Thursday, May 3, 2012

Every goodbye makes the next hello closer

The morning Evan had to leave was kind of surreal. The anticipation of him leaving was the real part that was bugging me. I hate him being away, but at the same time I knew the sooner we said "goodbye", the sooner we could just start this deployment thing and start counting down the days to "hello" again. We got all his packed bags in the car, and he gave Scout some loving to say bye.

We got to his unit meeting spot and did the usual standing around waiting, while the guys did the last minute packing up of things. I talked to a few other Army wives, who were about to embark on their very first deployment. We chatted about the usual things, but underneath I could see the worry, sadness, and dread of saying goodbye in their eyes. I absolutely hate that. I wish I could somehow know the exact thing to say or do to make it easier...but really is there anything you can say to comfort someone when their husband is deploying? They are all so brave and strong. I wanted to grab them all in a bear hug, let him bawl their eyes out, and scream about how horrible and stupid this all is. But we couldn't. We had to be strong for our guys. They don't want to leave either, so why make it harder on them? That's just what Army Wives do. They push smiles through tears, act steadily confident through shaking uncertainty, and do anything that their duty requires them to do. I've never been prouder to know these amazing women who stand behind their husbands through anything; its such a stirring feeling of honor to see.

This time I didn't have that hysterical feeling tightening around my chest like I did the last time I had to ship him off. Its a feeling of overwhelming sadness, worry, and panic crushing you all at the same time; add a dash of wanting to hurl your guts up and that's about the exact feeling of you'll have. Fun, right? I'll admit it was probably one of the worst feelings I've ever experienced in my life. The first deployment when I told him goodbye, I immediately ran to my car and cried until I was completely broken. I am happy to say that this time around, those feelings didn't happen. I think Evan and I both felt unnaturally peaceful and a little detached about it all. We knew what to expect, and how to deal with it. The time came where they had to board the bus to the plane. I gave Evan one last hug and kiss goodbye. I made sure to tell him to "Be safe" like I always do. He responded how to normally does, by telling me that "Be safe" doesn't control the situation, if something is going to happen, it's going to happen. Typical Evan, always blatantly honest. I told him to shut-up and that I just needed to say it. That made us laugh. He heaved his pack on and made his way towards the bus. Halfway to the bus and he turned and told me "I love you; see you soon buddy." With a wave and a step on to the bus he was gone. I slowly walked to my car, wishing I felt more. I felt guilty not feeling more perturbed about it all. I guess maybe its a good thing; this time I have a clearer mind to help the girls out.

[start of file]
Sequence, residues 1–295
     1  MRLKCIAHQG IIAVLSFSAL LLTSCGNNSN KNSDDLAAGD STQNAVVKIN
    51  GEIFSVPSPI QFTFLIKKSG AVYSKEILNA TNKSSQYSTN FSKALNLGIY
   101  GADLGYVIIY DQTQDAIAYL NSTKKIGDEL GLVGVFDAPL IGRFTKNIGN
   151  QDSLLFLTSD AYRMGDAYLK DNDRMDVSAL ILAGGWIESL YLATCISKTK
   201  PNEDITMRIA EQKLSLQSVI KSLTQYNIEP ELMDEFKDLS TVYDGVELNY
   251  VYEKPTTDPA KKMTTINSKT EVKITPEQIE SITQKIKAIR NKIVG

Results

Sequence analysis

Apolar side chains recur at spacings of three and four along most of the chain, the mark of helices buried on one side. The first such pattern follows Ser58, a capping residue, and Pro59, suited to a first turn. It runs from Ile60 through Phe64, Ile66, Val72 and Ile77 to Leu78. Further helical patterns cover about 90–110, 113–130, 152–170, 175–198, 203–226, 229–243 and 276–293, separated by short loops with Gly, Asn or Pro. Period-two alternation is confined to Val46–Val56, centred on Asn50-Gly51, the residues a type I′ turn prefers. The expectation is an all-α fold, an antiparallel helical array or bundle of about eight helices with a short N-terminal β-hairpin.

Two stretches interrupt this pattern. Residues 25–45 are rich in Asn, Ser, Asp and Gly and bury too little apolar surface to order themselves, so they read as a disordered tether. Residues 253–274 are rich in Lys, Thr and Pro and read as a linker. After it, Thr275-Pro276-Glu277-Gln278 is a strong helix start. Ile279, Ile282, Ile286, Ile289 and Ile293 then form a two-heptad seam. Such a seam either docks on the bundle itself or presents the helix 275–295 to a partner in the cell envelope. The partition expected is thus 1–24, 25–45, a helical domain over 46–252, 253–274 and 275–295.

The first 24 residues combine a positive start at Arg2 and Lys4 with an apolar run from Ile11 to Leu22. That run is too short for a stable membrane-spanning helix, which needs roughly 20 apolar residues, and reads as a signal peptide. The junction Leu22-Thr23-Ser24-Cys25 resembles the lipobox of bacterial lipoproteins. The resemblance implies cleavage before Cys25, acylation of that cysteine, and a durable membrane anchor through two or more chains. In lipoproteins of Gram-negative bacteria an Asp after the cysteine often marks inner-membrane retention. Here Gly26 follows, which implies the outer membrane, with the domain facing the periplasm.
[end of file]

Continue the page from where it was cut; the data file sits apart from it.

The guys are in Afghanistan taking care of each other, while we do the same thing on the home front here. In situations like this, you quickly become like close family to people, who just a few months before, were complete strangers. The military really is a world of its own. In its own strange way, maybe that's why some of us stick around so long, even when there are so many things that undoubtedly suck about it. If you're in the military the moment you meet another Army wife, you can already relate to them on some level, because we already know exactly how each other feels without saying a word. "There is a special bond between soldiers created by the harsh realities of their service; a bond which is incomprehensible to the civilian world.  Like their men—Army wives have a bond all their own. (via)" 

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